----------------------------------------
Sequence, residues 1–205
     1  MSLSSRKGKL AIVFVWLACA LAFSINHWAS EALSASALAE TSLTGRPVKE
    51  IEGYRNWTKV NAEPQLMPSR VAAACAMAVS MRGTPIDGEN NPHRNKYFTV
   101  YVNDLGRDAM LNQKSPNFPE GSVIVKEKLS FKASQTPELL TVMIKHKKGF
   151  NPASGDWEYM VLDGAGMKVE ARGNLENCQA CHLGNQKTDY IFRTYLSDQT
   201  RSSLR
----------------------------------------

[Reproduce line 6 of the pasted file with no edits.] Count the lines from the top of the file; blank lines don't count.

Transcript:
   201  RSSLR